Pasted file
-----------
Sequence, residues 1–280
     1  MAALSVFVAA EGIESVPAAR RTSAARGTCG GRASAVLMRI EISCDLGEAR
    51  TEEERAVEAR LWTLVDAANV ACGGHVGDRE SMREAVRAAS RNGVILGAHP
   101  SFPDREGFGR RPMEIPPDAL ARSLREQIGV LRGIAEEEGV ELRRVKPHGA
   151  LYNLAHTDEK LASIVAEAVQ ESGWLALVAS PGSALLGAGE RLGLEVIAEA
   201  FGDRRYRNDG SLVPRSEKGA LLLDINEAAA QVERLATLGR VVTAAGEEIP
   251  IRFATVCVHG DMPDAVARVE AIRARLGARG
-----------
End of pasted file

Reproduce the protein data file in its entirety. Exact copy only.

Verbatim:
Sequence, residues 1–280
     1  MAALSVFVAA EGIESVPAAR RTSAARGTCG GRASAVLMRI EISCDLGEAR
    51  TEEERAVEAR LWTLVDAANV ACGGHVGDRE SMREAVRAAS RNGVILGAHP
   101  SFPDREGFGR RPMEIPPDAL ARSLREQIGV LRGIAEEEGV ELRRVKPHGA
   151  LYNLAHTDEK LASIVAEAVQ ESGWLALVAS PGSALLGAGE RLGLEVIAEA
   201  FGDRRYRNDG SLVPRSEKGA LLLDINEAAA QVERLATLGR VVTAAGEEIP
   251  IRFATVCVHG DMPDAVARVE AIRARLGARG